Mix ground pork with your seasonings, using your hands to mix well. After it is thoroughly mixed, fill your sausage stuffer to the recommended line. Make sure you have the correct diameter tube attached.
Place your casings in warm water close to your sausage stuffer. You want the water quite warm, but not hot. Too hot they will start to cook, but if not warm enough, they are less workable.
Take one casing, and carefully slide it onto the stuffing tube. Push it back until it is completely on. twist the start of the casing to close it.
One person starts carefully turning the lever on the sausage stuffer, while the other manages the sausage. Make sausages about a meter in length.
This is our preference.
We always hang ours to smoke in our smokehouse, If you have an electric smoker, you will need to experiment to get the correct amount of smoked. Can’t help you there!
After you have a length of sausage, cut it off, then twist the ends to close it off. Place into a large vat that is ready to go to the smokehouse.
Repeat until your meat is gone. Hang the meat in the smokehouse. Build a small fire with poplar woodchips in the smokehouse.
Heat up your sausage for ten minutes. Warm sausage takes on smoke better. Add some bigger pieces of wood, and then cover your fire so that it almost suffocates.
This will cause it to smoke. We use a small cut-off barrel that has a makeshift lid. Take care not to smother your fire completely. Smoke for 20 minutes with poplar wood.
We use poplar wood because that’s what we have on hand, but you could try others as well.
This is the basic way to make sausage, and after you have mastered this, you can experiment with other recipes, such as Cheesy Japaeno Sausage and Red Banana Pepper Sausage.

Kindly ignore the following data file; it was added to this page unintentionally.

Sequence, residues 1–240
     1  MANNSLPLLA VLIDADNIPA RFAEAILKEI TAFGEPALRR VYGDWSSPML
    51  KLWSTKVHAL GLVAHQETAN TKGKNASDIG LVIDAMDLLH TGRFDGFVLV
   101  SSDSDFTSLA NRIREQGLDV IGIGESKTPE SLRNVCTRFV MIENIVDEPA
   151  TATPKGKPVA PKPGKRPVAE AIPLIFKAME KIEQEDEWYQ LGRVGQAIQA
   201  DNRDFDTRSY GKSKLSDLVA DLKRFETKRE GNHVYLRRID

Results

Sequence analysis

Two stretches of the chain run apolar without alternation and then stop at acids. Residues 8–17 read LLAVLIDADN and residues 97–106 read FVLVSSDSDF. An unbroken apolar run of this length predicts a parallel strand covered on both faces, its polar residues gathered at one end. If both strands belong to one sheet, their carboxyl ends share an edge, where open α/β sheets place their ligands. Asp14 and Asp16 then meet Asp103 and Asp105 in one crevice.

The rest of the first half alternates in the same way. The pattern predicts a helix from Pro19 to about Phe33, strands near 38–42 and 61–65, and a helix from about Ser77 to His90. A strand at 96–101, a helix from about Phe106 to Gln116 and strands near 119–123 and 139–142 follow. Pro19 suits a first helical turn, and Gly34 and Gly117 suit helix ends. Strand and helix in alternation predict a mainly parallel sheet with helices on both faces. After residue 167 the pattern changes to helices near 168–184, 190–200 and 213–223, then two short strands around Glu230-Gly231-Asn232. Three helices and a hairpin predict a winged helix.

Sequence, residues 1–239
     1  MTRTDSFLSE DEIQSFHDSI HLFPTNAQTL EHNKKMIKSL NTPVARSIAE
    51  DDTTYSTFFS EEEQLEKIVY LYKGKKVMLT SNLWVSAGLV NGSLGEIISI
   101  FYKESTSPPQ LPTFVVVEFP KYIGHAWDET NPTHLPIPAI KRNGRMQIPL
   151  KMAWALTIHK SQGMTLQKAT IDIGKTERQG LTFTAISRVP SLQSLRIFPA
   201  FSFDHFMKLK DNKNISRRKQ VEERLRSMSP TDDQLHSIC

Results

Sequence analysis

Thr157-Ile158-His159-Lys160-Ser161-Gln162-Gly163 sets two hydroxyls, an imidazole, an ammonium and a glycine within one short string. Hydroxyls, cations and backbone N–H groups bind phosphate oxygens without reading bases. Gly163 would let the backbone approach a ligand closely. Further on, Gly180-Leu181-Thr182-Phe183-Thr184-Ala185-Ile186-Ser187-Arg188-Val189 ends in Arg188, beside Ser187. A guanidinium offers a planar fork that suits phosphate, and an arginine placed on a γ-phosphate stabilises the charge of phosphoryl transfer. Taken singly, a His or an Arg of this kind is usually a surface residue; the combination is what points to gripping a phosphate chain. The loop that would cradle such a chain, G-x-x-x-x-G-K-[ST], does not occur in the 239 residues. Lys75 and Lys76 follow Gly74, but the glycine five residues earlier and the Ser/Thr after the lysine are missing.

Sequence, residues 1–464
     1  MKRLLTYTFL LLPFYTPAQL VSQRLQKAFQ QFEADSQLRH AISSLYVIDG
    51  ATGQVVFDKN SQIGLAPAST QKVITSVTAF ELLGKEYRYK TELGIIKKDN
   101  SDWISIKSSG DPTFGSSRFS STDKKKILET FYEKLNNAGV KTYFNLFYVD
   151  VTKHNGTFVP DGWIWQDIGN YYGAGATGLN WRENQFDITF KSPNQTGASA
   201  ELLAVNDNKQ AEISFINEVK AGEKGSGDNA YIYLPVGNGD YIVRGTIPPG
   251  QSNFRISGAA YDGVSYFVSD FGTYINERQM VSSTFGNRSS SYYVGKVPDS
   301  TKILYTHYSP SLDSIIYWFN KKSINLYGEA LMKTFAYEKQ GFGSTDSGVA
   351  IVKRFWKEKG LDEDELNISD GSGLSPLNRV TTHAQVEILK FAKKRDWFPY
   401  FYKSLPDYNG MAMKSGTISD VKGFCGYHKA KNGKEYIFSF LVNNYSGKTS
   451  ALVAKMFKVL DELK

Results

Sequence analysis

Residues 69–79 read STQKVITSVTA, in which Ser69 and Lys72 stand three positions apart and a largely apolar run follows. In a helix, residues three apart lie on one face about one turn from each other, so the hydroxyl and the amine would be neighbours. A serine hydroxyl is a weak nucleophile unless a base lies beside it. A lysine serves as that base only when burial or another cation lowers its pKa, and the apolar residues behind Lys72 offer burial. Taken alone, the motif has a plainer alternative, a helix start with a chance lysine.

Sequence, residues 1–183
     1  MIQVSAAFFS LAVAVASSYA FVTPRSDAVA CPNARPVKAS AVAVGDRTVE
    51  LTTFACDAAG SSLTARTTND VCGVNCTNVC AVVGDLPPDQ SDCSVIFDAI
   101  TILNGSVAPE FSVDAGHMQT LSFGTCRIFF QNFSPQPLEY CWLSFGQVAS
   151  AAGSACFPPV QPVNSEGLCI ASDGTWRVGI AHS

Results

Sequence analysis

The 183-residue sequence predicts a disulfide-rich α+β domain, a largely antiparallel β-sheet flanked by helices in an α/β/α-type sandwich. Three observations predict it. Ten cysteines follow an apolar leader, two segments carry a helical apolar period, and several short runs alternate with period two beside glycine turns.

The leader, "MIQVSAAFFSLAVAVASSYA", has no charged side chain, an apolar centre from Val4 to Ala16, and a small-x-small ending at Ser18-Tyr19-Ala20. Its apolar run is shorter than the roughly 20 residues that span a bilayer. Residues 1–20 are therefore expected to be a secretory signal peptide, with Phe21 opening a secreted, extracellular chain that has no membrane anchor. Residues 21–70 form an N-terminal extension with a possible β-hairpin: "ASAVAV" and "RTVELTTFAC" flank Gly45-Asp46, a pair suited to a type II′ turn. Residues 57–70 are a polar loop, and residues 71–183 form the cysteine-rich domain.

How To Cook Farmer Sausage In The Oven
Take out frozen Farmer’s sausage, and immediately run under hot water. With a knife, slit open the casing, and peel it off. The hot water softens the casing but keeps the sausage frozen.
Place your sausage into a rooster or cast iron pan. Cover it, and bake for 50 minutes at 350’F.
This is the basic way to cook Farmers Sausage in the Oven. Below are several more variations that taste delicious.
Different Ways To Enjoy Farmers Sausage
There are many different ways to prepare Farmers Sausage, but these are some of our favorite ways.
BBQ Farmers Sausage
Removing Casings, place sausage into a roaster. Bake for 30 minutes at 350. Pour off juices, and smother in Diana’s Honey Garlic Barbecue Sauce (or your favorite).
This is an absolute favorite around our house, and it goes really well with potatoes or rice.
Leftovers can be made into a mean Sausage Pizza.
Sweet And Sour Sausage
Just cook it as per the instructions above.
Make Sweet and Sour Sauce. Cut sausage into ¼ inch slices after it is cooked, and add to your sauce. Serve over rice.
Add a side of vegetables for a complete and easy meal.
Have you tried this recipe yet? Let me know in the comments what you loved about it. Mennonite Farmer Sausage is a staple in our home, and we eat it often.
***Also Check out this post on how to make butter from heavy cream.
Interested in making a simple cheese? This mozzarella recipe is made with vinegar.